Admittedly, my girls seem far more earthly than eschatological when they play with their manger scene:

“He doesn’t want his blanket.”

“Yes, he does! All babies need their blanket!”

But, as Saint Bernard shows, the birth of Jesus is wrapped up in his other advents, even the ones that are invisible or that take place in a distant future. Christ’s comings cannot be separated one from another; one form of yearning leads to the next. It is strange to watch my daughters play and feel so much ache mixed in with my delight. When my girls are older I will tell them about the complex theology behind their childlike faith.

I could end my Advent meditation here. Bernard of Clairvaux does. His sermon, as I mentioned, teaches three comings of Christ—in the flesh, in our hearts, and at the end of time. But in an Advent sermon preached in 1271, Thomas Aquinas adds a fourth coming of Jesus. Christ comes, writes the Angelic Doctor, at the hour of our death. This coming is necessary to bring his “just ones” not only grace, but also glory.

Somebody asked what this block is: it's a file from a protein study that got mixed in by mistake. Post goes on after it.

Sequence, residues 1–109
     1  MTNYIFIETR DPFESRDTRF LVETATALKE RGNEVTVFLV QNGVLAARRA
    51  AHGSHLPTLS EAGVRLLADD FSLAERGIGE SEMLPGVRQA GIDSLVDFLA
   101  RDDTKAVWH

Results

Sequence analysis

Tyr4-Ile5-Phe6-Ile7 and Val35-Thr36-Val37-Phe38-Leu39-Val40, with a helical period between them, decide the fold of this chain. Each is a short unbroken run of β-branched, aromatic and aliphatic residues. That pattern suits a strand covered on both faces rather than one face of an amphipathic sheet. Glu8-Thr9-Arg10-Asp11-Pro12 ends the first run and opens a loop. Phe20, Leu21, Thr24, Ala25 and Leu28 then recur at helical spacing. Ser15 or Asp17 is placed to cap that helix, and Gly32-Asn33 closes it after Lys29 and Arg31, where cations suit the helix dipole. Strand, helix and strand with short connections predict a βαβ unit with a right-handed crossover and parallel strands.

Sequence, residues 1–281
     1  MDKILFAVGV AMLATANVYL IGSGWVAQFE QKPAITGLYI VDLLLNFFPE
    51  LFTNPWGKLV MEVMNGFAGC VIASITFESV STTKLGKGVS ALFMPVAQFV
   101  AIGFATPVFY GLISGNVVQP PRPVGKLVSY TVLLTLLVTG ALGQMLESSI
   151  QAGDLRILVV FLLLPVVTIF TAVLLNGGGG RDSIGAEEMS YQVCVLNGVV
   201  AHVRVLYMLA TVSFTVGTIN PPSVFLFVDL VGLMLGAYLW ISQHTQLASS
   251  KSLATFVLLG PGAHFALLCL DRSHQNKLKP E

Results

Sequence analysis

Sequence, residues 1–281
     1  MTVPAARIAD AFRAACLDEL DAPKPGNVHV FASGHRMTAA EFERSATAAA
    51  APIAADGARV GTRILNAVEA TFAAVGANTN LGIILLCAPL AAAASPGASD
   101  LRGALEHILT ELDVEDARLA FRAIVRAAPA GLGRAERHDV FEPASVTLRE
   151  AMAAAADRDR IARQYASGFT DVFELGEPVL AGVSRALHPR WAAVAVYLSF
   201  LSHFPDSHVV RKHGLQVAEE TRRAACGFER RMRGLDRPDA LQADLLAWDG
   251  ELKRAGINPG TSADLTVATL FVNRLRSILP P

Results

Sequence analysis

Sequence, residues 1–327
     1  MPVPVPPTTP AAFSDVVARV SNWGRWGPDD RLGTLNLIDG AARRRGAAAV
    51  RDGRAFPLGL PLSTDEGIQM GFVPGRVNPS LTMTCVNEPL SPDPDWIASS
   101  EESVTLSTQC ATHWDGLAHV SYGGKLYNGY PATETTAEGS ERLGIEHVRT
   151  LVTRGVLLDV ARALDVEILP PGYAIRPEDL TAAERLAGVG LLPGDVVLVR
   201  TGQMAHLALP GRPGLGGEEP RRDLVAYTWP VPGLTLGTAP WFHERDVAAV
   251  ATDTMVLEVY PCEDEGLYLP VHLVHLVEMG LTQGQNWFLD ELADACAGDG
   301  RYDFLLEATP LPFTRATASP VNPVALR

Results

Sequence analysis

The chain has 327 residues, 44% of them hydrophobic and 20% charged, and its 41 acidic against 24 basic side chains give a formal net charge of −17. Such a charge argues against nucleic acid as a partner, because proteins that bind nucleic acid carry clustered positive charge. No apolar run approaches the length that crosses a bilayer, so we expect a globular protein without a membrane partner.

I confess that with this teaching, my yearning grinds to a halt. It seems easier to long for the end of time than for my personal end. Yet Saint Thomas is not the only one to advise me on this subject. Centuries earlier, the desert father Pachomius said, “Have, therefore, the hour of your death ever before your eyes.” Even in Advent? Even when my children are so full of life and the whole world is telling me to be joyful? Upon reflection, I conclude that there is no better time. During this season, we prepare for a savior who came to defeat death—yes, even our own. When he comes for us, it will be to take us to glory.